Here at Warwick we have many international students. Considerable numbers of home students also chose to spend a year abroad either as part of their degrees or through the Erasmus or similar schemes. The received wisdom is that studying abroad is “a good thing” in employability terms but is that always the case?
I asked Puneet Tahim at City solicitors Latham & Watkins what she thought about it:
“Students often under-sell the qualities required to move abroad for a term/year and do not truly identify the skills they have developed as a result. Studying abroad requires good organisation, planning and prioritisation abilities. Students are often required to submit applications for their years abroad and then have to find their own accommodation, arrange their travel and liaise with their new institution, usually whilst managing their existing academic workload and extra-curricular life.
Building a life for oneself in a new city/country requires a degree of confidence, good communication skills, open-mindedness and resilience. A study abroad programme also provides fantastic networking opportunities for students and a chance to make contacts who will help them as they progress through their careers.
In a globalised world firms/employers are increasingly looking for graduates who can speak another language, as well as candidates who have developed a cultural awareness outside of their home country. If candidates can demonstrate this through the interview process it may help to strengthen their overall application.”
That sounds like a ringing endorsement but it isn’t the first time I’ve heard employers lament that students undersell the skills the experience gives them. Puneet’s given you a pretty good list here, not only of the skills you acquire, but of the context in which you acquired them. Her answer reads like really good preparation to answer a competency based question. You can tell that she’s a graduate recruiter!
I also talked to Paige Campbell, (who has just finished a year abroad in Paris as part of her law degree here at Warwick) about what she thought she had gained from the experience and whether she agreed with Puneet. Paige is one of the team of student bloggers and this is what she has to say:
“Completing a year abroad was a compulsory part of my course but I have found that it has been so much more than that. It is about truly immersing yourself in a cultural experience and as such you pick up some great skills to help you stand out from the crowd. Puneet, is right, of course you have to organise accommodation, jobs and finances in a different country (and often a different language), but you also have to adapt to a completely different way of life. At times this can be very stressful and dealing with this demonstrates great strength of character and flexibility.. Even the little things like finding your favourite snack in the Supermarket can be a struggle. It’s surprising how much that can matter!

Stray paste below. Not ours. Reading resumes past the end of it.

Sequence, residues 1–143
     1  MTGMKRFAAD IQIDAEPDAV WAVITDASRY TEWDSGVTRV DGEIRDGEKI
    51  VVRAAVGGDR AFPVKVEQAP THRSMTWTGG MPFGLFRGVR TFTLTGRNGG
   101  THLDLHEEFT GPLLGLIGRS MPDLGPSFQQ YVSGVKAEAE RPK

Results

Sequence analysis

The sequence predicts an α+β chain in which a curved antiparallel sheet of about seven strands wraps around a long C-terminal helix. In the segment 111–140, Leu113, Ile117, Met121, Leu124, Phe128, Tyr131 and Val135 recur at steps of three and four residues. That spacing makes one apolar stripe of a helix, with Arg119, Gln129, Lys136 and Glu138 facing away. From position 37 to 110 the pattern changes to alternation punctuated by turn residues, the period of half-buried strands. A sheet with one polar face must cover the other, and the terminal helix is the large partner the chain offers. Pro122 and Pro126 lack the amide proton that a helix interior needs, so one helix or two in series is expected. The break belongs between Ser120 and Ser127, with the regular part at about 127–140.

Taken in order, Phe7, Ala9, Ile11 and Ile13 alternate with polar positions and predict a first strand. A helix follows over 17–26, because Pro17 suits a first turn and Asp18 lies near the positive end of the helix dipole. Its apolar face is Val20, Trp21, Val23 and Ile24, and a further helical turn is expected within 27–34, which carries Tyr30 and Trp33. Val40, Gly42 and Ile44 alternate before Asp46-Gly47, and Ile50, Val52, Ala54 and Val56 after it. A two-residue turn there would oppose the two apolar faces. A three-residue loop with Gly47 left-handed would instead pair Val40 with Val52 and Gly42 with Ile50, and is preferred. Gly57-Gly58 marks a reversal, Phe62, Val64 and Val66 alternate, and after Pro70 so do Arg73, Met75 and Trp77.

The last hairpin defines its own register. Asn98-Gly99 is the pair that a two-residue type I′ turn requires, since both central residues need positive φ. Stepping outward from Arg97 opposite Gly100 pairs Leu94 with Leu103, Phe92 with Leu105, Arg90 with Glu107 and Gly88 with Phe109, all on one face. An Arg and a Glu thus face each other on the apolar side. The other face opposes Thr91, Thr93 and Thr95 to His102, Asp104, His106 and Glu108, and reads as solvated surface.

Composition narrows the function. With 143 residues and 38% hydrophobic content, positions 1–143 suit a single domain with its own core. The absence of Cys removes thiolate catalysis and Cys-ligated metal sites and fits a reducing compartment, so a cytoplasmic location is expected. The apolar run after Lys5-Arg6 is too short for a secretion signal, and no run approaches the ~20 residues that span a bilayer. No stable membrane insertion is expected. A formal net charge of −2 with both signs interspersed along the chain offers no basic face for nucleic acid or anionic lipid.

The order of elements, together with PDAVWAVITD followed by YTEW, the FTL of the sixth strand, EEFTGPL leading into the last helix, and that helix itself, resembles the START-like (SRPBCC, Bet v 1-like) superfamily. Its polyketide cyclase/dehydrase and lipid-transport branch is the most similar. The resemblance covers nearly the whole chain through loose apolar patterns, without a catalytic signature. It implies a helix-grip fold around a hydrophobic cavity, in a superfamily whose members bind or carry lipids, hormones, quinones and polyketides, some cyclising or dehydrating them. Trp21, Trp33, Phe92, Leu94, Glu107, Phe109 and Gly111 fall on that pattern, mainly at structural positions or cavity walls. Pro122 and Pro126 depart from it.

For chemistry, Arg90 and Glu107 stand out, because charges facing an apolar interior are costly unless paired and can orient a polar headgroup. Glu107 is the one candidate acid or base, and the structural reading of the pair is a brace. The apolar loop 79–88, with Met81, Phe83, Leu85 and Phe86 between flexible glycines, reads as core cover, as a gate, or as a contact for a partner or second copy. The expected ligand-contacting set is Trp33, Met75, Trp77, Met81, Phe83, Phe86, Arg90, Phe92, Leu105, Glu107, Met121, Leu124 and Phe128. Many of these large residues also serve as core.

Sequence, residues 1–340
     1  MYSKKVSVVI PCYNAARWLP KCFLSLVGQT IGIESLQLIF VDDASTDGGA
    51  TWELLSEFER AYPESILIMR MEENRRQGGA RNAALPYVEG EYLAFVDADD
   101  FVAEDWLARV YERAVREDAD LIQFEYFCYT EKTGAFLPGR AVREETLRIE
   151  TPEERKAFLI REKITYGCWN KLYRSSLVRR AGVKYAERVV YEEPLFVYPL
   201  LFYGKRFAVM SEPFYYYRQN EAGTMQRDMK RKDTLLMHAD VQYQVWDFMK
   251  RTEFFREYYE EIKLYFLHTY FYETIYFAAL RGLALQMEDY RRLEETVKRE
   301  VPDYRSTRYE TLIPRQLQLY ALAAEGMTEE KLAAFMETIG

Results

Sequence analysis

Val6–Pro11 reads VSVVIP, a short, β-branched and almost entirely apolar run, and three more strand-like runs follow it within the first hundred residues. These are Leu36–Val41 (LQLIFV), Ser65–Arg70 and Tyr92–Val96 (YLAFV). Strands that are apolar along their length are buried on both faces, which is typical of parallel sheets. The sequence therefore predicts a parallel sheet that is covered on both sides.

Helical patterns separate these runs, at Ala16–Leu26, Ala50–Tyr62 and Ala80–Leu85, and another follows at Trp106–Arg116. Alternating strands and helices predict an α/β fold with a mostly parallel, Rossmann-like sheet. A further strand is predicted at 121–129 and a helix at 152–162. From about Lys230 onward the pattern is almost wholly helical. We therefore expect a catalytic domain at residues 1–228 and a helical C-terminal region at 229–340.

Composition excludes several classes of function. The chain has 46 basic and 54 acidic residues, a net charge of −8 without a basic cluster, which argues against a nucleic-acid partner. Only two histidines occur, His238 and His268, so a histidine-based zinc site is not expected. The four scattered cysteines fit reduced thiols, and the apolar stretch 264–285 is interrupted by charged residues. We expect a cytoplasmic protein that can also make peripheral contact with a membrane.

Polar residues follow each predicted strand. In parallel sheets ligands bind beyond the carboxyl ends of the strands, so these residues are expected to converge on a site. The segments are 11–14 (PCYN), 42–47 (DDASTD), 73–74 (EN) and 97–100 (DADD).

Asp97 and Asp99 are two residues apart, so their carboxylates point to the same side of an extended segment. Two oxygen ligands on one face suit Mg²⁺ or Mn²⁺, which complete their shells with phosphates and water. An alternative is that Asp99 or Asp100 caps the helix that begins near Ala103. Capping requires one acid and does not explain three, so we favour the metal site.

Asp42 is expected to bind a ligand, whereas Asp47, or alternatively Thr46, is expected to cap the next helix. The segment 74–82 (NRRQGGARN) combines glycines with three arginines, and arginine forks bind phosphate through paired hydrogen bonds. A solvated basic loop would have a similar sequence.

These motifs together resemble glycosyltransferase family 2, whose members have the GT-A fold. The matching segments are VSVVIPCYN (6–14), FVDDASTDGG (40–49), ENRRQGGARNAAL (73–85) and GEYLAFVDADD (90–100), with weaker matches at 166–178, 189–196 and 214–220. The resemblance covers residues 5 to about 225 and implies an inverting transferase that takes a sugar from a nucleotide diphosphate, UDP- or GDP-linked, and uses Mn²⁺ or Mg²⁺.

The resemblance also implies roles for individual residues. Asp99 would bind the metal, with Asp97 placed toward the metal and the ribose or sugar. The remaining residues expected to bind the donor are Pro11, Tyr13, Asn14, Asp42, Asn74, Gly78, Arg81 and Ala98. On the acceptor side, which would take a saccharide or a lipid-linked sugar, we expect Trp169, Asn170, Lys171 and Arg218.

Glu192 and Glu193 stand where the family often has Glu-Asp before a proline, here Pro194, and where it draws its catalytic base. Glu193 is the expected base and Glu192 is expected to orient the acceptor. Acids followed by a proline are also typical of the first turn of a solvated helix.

Often the personal benefits of a year abroad correlate with skills that recruiters are looking for. One of my favourite parts of being on a year abroad, was being able to make some really good friends from a completely different culture and language to my own. I have used this as an example on most of my applications this year, to demonstrate my ability to network and build relationships with people from many different backgrounds.
So is study abroad really the amazing cultural experience it appears to be on everyone’s Instagram accounts? Quite honestly it is not! No one can spend an entire year abroad without some miserable stressful experiences, setting up a bank account and reporting a theft to the police spring to mind. As ever social media only shows the positive side of the story. People, at least the ones I know, rarely take pictures of the bad things like a leaky sink!
However, should anyone ask me to make a pros and cons list of doing a year abroad then the benefits far outweigh the few minor disadvantages that we all experience wherever we go. The biggest downside to a year abroad for me, has been knowing that next year when I return to uni most of my year group will have graduated and moved on. BUT, it is clear that all of us would have gone in different directions at the end of third year, whether we graduated together or not and I know that my closest friends will still be my friends for life. Should I be in a position to choose to go on a year abroad with the knowledge I have now of how truly unique an experience it is, I would not hesitate to do it again.”
So, Puneet and Paige agree about the benefits of the year abroad. You will gain much from the experience. Remember that if you are at Warwick the careers consultants can still help you while you are abroad, do don’t forget us or overlook any key application deadlines for your chosen career path.